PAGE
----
The week in higher education

May 8, 2008

- Four months ago Britain enjoyed a priceless reputation, earned over many decades, as a world leader in pure physics. Not any more." This was the message of The Times's leader column on 1 May, following the House of Commons' science select committee's damning report on the "poor leadership" of the Science and Technology Facilities Council and its handling of £80 million-worth of cuts. However, the paper added: "The damage done to physics in the country of Newton and Rutherford is not irreparable, but it will take swift action, at a high level, to reverse."

- The Guardian - hot on the heels of last week's Independent - published its version of the annual university league tables on 1 May. Oxford headed the list, as it did the Independent's. Cambridge was second, followed by the London School of Economics, the University of Warwick, the University of St Andrews, Imperial College London, University College London, the School of Oriental and African Studies (Soas) and the University of Edinburgh.

- "Doubts and uncertainties" about the implementation of the Government's new diploma qualification could undermine its introduction in England in the autumn, according to head teachers. The BBC news website reported on 2 May that the National Association of Head Teachers had put a list of questions to ministers over how it is to be introduced.

- Universities Secretary John Denham and higher education minister Bill Rammell are in danger of losing their seats in the House of Commons at the next general election, newspapers reported on 3 May after the Labour Party's humiliation in the local elections. The Sun reported that in Mr Denham's Southampton Itchen constituency, the Tories staged a "spectacular victory", taking the council from the Labour Party.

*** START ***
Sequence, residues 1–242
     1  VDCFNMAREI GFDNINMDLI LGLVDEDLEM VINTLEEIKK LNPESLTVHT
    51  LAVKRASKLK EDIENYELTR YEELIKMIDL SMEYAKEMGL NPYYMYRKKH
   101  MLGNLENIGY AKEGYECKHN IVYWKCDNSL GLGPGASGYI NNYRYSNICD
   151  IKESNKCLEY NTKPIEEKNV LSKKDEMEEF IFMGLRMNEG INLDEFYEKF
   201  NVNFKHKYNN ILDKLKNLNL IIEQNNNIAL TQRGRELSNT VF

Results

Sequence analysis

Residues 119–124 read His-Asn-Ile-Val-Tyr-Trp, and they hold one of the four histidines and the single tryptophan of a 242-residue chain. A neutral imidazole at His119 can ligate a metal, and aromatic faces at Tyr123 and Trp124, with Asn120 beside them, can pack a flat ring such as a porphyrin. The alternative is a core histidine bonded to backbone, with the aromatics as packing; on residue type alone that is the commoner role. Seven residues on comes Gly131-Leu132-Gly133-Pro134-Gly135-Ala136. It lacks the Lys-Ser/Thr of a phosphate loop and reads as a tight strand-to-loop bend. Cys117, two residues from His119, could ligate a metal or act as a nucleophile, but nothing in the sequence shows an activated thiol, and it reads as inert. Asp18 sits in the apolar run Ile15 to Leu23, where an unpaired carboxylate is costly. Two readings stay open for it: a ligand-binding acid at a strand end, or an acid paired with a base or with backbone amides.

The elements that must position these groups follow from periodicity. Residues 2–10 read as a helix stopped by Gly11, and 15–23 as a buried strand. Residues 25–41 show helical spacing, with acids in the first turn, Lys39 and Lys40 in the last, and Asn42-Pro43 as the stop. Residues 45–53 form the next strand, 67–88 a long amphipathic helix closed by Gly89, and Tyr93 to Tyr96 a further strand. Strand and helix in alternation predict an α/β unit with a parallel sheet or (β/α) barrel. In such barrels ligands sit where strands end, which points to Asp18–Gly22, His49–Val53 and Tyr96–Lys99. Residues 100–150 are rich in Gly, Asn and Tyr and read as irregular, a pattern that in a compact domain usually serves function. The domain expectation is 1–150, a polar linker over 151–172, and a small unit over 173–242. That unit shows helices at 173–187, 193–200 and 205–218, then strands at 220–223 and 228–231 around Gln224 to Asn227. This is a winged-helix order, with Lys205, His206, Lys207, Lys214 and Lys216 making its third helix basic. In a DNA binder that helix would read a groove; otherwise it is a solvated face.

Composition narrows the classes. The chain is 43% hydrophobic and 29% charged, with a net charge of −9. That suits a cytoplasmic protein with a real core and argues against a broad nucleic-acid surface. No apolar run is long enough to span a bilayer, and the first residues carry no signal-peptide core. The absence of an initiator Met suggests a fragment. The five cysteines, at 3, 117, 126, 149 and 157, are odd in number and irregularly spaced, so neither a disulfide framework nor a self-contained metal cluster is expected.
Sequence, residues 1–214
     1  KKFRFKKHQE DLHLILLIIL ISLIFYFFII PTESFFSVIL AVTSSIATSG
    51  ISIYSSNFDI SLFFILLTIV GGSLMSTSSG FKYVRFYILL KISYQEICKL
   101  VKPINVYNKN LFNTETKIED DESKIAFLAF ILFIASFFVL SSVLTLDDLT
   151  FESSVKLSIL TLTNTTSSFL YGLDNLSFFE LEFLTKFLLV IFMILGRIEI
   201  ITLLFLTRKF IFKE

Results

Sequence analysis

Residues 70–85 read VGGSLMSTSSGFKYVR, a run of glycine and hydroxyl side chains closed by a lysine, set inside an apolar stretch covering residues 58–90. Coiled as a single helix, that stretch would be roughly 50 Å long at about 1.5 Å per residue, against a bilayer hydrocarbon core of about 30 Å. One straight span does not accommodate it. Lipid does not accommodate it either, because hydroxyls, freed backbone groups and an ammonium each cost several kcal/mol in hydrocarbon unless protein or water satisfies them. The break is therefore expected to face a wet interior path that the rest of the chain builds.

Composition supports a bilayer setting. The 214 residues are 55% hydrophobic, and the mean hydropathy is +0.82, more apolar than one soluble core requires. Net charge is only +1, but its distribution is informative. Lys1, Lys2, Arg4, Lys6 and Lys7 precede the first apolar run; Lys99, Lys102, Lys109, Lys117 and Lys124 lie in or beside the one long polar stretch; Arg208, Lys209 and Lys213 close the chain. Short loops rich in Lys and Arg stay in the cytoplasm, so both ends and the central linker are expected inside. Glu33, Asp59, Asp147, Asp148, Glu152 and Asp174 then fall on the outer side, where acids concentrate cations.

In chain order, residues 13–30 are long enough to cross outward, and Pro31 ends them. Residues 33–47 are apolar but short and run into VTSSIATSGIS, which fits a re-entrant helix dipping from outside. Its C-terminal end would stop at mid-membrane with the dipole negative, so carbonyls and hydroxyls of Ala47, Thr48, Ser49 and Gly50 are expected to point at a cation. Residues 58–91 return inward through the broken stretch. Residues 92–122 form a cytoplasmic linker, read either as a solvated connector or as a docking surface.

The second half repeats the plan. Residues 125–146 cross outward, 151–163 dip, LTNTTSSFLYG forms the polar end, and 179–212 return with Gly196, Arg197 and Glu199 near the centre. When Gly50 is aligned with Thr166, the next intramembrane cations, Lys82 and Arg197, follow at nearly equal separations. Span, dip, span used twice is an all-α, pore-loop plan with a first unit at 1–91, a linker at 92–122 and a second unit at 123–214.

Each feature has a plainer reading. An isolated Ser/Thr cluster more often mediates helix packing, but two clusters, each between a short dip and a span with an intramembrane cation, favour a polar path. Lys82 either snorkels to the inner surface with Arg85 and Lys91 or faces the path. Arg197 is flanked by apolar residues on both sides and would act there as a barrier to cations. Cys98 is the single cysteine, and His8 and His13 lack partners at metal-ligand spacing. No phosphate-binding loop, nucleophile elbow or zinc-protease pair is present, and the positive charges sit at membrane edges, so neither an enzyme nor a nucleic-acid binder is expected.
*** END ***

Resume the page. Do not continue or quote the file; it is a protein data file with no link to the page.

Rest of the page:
- New and more difficult A levels, designed to stretch the brightest students, will simply "widen the gulf between state and independent schools", The Daily Telegraph said on 5 May. Official forecasts showed that almost a quarter of private school pupils were expected to gain at least one top A* grade when they are first awarded in 2010, compared with just 9 per cent from comprehensive schools. Meanwhile, The Times reported the Conservative Party's claims that the £165 million package of student support due to be introduced in September will "disproportionately benefit undergraduates from middle-class families". The decision to lift the family earnings cap to allow more students to benefit from maintenance grants will mean that 90 per cent of the extra spending will initially go to richer families, the Conservatives said.

- Only just over half of foundation degree students think that their course is well organised and running smoothly, according to a report published as Times Higher Education went to press. An analysis from the Higher Education Funding Council for England says that 56 per cent of students responding to the 2007 National Student Survey agreed with the statement, "the course is well organised and is running smoothly", an increase on 2006. Seventy-six per cent of students a significant way through their course agreed with the statement, "overall, I am satisfied with the quality." Growth in the number of students studying on foundation degree programmes is on track to meet the Government's target of 100,000 by 2010.

- As Times Higher Education went to press, Universities UK warned that new rules on skilled and temporary workers published this week as part of the new immigration points system could hit universities' ability to attract visiting international staff. Under the rules all visiting staff will have to seek sponsorship from a third-party organisation and not from the university where they will be based.

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